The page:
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Mid-market jumps onto bandwagon

Time was when dot-coms were the main application service provider (ASP) customers. But is extending the ASP model's reach in the CRM arena.

Anyone who's ever heard CEO Marc Benioff espouse his vision of "putting an end to software" might wonder if the firm is still flying high on residual vapors left from the salad days of application service provider (ASP) fever.

Back then dot-coms were the ASP bread and butter. However, these days some of the San Francisco-based company's mid-sized customers are sharing positive views of the effect using CRM as a service is having on their operations.

Two companies clearly impressed with their use of's eCRM products are a division of technology conglomerate Fujitsu America Inc. and thin-client hardware vendor Wyse Technology Inc, both based in San Jose, Calif.

For the Fujitsu Technology Solutions unit, part of the company's IT services division, the mandate for CRM was simple: Replace a proprietary customer database with a more powerful application that could better enable employees to keep track of existing customers and new sales leads. After looking at some of the other offerings on the market, including software from market leader Siebel Systems Inc., Fujitsu decided on's online offering over more conventional client-server-based systems.

"We were able to get the system up and running very quickly and almost immediately begin tracking returns," said Mary Jo Rudney, business operations manager at Fujitsu Services. "This was part of the attraction compared to other products we considered. Customization could be done on the fly."

In fact, Fujitsu estimates it had's Professional Edition, a step down from the company's recently released flagship Enterprise Edition, up and running in less than 30 days. While the firm didn't build in specific guidelines for measuring return on investment, Rudney said the soft ROI achieved through better-informed sales and service workers has improved the unit's overall performance since first using in mid-2001.

Another factor that drove Fujitsu to is the ASP's relative low pricing compared to larger enterprise systems. The company currently maintains 159 users on the Web-based service, which sells for $65 per user, each month.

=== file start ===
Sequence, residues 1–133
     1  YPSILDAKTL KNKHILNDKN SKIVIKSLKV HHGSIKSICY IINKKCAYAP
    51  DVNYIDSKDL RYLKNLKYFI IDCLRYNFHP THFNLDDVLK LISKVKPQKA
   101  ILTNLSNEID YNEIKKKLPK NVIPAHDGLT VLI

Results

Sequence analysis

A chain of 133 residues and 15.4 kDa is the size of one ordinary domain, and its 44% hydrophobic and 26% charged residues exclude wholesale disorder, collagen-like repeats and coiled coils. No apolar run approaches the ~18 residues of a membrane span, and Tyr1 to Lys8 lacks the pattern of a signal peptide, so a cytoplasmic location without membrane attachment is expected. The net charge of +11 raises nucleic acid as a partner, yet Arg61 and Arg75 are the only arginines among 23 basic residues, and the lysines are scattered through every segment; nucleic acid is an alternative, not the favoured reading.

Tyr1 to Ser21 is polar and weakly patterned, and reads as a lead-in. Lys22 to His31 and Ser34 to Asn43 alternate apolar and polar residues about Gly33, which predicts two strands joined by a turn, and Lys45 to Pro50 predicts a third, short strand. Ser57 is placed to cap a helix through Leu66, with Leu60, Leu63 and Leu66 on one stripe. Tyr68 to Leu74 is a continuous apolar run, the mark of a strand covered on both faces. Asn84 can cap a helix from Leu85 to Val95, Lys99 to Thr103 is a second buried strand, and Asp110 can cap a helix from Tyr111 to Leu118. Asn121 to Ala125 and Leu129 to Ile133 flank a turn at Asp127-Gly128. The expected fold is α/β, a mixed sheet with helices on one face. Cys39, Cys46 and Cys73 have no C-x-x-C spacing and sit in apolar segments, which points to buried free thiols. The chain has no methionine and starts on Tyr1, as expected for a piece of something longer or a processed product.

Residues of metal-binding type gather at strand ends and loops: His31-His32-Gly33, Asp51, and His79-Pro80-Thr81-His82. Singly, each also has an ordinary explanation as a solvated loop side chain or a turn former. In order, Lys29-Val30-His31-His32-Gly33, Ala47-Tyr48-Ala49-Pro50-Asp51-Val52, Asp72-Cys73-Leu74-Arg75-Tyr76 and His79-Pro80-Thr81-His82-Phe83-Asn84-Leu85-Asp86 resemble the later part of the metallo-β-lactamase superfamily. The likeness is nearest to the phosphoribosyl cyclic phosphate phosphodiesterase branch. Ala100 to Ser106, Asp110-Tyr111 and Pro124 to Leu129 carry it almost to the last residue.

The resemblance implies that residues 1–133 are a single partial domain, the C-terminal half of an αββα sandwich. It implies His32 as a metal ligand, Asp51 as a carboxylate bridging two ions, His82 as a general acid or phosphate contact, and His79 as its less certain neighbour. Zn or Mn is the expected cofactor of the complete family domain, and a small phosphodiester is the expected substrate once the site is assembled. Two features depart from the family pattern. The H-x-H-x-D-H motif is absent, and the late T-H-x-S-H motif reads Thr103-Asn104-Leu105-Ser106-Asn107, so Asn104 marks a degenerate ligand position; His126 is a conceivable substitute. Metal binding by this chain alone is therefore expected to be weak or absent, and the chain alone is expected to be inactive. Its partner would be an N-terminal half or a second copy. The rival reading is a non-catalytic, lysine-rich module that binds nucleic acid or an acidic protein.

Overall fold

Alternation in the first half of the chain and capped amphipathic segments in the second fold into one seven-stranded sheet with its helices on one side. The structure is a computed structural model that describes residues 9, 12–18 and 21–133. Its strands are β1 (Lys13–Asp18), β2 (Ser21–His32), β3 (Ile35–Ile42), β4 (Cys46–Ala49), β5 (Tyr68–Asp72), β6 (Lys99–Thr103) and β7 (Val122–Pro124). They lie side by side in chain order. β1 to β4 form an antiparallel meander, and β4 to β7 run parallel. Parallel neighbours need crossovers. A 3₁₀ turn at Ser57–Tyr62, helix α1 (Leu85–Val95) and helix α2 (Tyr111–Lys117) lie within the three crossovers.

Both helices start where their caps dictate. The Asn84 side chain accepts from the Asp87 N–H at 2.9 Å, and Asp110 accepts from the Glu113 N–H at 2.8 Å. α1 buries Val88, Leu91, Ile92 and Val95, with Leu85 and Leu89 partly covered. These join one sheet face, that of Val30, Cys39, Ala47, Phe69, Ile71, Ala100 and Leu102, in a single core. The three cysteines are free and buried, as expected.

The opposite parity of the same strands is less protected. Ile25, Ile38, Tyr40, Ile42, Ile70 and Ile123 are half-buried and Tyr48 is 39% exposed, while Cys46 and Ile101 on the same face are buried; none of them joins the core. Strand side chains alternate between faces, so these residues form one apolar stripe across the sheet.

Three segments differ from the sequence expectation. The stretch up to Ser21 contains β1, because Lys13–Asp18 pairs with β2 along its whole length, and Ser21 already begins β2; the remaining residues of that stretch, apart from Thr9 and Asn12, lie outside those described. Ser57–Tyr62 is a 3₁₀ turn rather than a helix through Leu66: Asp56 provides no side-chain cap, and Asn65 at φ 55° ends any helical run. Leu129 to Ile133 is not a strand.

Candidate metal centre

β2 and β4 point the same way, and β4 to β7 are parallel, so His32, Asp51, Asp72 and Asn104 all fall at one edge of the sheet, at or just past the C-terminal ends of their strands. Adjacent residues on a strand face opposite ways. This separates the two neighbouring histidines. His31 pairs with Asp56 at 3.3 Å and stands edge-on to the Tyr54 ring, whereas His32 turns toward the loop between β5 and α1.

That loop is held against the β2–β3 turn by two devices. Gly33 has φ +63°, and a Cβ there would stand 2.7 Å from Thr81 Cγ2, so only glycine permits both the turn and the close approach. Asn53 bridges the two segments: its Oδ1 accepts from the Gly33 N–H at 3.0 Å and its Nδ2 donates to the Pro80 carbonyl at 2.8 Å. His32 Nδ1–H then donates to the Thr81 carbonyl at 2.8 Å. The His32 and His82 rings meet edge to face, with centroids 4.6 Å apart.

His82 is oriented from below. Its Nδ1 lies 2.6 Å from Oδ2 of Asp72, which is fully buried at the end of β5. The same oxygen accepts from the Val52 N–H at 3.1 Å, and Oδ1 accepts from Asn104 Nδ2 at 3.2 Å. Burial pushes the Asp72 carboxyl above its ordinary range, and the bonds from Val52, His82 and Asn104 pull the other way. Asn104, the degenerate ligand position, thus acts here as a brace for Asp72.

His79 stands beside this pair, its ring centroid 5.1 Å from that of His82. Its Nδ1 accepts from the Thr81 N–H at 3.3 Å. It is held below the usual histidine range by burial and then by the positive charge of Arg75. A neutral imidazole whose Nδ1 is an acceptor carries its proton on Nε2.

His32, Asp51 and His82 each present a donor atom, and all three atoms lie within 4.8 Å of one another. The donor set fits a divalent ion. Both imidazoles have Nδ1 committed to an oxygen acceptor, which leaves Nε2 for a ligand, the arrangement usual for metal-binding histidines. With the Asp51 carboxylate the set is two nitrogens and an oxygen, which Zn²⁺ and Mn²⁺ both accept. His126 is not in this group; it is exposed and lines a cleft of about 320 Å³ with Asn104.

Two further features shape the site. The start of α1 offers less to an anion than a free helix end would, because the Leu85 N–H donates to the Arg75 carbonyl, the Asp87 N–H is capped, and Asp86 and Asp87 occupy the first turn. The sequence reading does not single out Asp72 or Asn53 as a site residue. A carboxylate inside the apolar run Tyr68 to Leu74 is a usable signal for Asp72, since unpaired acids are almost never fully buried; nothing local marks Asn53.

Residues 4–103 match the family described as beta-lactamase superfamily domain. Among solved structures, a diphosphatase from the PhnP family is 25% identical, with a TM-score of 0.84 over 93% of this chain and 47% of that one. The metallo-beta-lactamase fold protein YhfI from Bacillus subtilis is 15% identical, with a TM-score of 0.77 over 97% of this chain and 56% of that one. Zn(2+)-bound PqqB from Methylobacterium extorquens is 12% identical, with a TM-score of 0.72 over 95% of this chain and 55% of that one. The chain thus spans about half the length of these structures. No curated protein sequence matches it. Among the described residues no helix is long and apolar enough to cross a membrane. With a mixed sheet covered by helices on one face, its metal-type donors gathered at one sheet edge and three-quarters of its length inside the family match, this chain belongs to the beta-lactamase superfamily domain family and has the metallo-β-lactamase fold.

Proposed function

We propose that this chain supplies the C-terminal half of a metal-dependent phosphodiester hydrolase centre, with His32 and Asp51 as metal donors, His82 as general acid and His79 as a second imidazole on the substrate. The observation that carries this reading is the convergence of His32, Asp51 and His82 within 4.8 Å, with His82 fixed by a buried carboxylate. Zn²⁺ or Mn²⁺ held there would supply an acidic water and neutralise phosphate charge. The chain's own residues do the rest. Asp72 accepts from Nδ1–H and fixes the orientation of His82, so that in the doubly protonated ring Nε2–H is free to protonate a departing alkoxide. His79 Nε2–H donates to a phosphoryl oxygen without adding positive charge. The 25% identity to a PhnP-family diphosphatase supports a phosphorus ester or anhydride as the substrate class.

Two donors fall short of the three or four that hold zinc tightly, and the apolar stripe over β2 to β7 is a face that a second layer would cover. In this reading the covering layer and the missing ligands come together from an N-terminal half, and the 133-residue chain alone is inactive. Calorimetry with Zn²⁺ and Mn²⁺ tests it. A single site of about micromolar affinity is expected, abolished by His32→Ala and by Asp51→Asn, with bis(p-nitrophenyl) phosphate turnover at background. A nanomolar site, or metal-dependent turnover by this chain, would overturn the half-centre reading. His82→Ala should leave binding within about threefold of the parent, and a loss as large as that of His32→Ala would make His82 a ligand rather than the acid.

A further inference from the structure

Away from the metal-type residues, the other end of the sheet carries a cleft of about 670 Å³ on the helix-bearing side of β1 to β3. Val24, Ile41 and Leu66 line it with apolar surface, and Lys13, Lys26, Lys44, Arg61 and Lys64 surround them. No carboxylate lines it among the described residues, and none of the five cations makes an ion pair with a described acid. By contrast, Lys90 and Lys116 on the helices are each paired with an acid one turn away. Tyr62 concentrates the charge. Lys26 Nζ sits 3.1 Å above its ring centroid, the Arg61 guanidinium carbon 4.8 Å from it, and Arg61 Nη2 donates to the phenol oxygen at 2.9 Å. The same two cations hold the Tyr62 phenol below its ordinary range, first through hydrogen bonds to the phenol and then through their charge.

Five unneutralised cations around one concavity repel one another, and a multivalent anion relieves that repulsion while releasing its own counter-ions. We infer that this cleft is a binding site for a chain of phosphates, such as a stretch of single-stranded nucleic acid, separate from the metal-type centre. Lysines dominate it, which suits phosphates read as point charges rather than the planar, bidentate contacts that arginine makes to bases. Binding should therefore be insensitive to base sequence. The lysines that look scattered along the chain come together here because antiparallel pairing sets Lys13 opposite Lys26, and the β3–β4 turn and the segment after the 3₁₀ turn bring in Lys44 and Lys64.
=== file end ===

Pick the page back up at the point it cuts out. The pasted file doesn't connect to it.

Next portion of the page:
Meantime, officials at client/server terminal manufacturer Wyse are convinced that leasing CRM as a service is the only way for them to go.

In late 2000, Wyse began looking at mid-tier CRM vendors including Applix Inc., Epicor Software Corp. and Pivotal Corp., in addition to, to refine its European marketing strategy. According to officials at the company, the simplicity of the Professional product led it to invest in the package.

"It's a different situation than many companies are in but after looking at a number of vendors, we felt the company would have spent more time and money removing functionality from one of the other alternatives," said Stephen Yeo, European marketing director at Wyse. "There was some great functionality elsewhere but in our case it would have been overkill."

Yeo said Wyse liked the idea of being able to utilize only the portions of the package the company felt it would need to rapidly become more effective.

Originally designed for small to mid-sized businesses and organizations, the Professional Edition is aimed squarely at customers that do not require the same level of integration with existing applications that many enterprises demand. The package contains an array of traditional CRM tools aimed at sales force automation (SFA), customer service and support, marketing automation, and basic analysis and reporting.

The executive said the popularity of the tool grew so quickly in Europe that members of the company's marketing team were soon utilizing the software around the globe, with 125 users now working with the software.

Wyse was also sold on's pricing model. Not having to make a huge investment upfront allowed Yeo to bring his project in under budget from day one. He also said Wyse was never forced to use any outside consultants to get the applications in place and customized, another major area for savings.

One issue often pointed to by detractors of's ASP model is the inherent risk of allowing a large amount of critical, competitive data to flow out onto the Internet. In fact, some would argue security fears are the ASP model's biggest hurdle.

However, Yeo isn't concerned.

"I'm honestly a lot more comfortable with [] watching over my data than having it sit on some [Windows] NT server in the corner of our offices," he said. "You need to be stricter in the way you manage administration issues like password protection, but if there's a fire at your offices guess where your data is sitting? [It's] safe and sound." Market watchers agree that there is growing optimism around the outsourced model for some applications and that eCRM may be one of those. "[ has] proven that the managed service provider approach works, they're making money at it and they're broadening their functional footprint," said Steve Bonadio, senior program director at researchers Meta Group, Stamford, Conn. "They're trying to carve out a niche and could do well in the mid-market, especially if the companies that are there continue to struggle."

Some customers and analysts have publicly wished that stronger analytical capabilities could be built onto the tools. Still, at the end of 2001, a research report published by investment house Morgan Stanley indicated the ASP has attracted more individual customers than any other CRM player over the last two years.

"They've definitely raised a lot of eyebrows in the market," said Bonadio,. "What remains to be seen is what kind of customers the ASP model can continue to attract."


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